11. Finally it’s time to say goodbye….

    http://business.asiaone.com/news/property/hard-old-timers-say-goodbye


    The fire that destroyed 50 attap houses at Siglap on 5 February 1962, the first day of Chinese New Year, and ultimately led to the construction of these low-rise HDB flats to house the victims


    The newly built flats in the 1960s… Things didn’t change much in the past 50 years

  12. Les says:

    Wong Clinic – I was one of Dr Wong Kum Hoong’s first patients, my registration number was something like 12. He is famous for his gruff, no nonsense manner of treatment and common – sense cures… He treated 4 generations of my family. Dr Wong passed away in 2009.

  13. Royston Lim says:

    I was 3 yrs old at that time and was on a STC bus with my dad on our way back during CNY visiting relatives and sadly the fire destroyed 38 of the houses own by my dad which was rented out for
    about $2 – $3 per unit monthly… all kena burnt and gone up in smoke in one day, our compensation at that time was allocation of one bedroom flat in Blk 4, really missed the good old
    time and memories growing up there, we shifted out to tampines in 1987.

    Thank you very much for your hard work and really appreciate your passion to put all this great memories which we are able to access. God Bless You And Your Family.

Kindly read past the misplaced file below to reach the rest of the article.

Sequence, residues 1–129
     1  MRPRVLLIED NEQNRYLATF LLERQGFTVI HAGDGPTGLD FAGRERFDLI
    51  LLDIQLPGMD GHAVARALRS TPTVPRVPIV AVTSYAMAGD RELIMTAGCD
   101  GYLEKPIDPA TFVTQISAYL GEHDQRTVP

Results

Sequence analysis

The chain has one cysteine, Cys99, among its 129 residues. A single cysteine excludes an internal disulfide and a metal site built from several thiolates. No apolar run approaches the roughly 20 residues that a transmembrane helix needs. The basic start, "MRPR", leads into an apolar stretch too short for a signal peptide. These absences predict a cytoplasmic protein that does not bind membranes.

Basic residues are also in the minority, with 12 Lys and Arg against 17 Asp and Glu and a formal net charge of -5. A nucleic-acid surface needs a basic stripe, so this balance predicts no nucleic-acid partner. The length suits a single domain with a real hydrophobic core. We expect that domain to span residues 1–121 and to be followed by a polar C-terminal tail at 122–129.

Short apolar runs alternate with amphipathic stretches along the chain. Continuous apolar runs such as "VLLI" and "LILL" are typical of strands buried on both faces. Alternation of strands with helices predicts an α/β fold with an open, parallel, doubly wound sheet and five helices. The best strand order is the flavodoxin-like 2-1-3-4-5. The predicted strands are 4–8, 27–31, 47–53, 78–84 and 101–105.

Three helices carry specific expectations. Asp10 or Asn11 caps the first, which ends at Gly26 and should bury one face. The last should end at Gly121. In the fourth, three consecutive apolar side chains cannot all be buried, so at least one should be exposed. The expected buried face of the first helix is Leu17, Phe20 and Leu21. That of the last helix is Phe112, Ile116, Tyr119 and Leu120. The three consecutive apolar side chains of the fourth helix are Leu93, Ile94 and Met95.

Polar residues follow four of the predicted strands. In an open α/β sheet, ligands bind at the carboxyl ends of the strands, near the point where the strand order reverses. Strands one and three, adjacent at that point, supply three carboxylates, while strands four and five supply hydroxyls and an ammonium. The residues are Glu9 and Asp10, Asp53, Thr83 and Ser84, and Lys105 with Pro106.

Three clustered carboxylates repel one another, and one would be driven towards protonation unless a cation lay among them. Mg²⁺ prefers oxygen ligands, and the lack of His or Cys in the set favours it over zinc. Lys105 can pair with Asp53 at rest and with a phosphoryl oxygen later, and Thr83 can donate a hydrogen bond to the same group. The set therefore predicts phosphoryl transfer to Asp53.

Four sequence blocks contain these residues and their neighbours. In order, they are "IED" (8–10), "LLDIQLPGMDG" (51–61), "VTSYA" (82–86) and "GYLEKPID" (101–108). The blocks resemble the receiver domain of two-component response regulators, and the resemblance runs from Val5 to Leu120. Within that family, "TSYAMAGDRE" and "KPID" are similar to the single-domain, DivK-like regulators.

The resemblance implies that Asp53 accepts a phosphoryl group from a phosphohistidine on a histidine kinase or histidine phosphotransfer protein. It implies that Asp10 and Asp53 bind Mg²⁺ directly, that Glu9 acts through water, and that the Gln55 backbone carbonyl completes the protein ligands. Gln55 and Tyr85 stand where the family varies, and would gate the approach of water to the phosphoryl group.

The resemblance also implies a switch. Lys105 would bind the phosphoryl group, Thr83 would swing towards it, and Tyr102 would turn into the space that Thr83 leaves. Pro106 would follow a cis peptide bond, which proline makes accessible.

14. Sheila&neil Macfarlane says:

    We lived in the “hermitage “at the top of Sennett road(it was a big colonial house).we did our shopping. in siglap and katong .this was 1964-1967.We now live in Scotland and revisited Singapore last year .Although we found Sennett Road the houses were all new and renumbered.We would love to hear from anyone who can remember the area as it was then and in particular what happened to the house called The Hermitage.
    Thanks

  15. End of an era in Joo Chiat

    MyPaper
    Published on Oct 31, 2013

    In an area dominated by condominiums and landed property, four lonely blocks of Housing Board flats are something of an anomaly. In a few years, the blocks in East Coast Road, facing Siglap Centre, will be history as Joo Chiat is poised to become Singapore’s first all-private-property constituency.

    It was a quirk of history that brought them into existence in the first place. They would never have been built but for a need to re-house the victims of a massive kampung fire in 1962.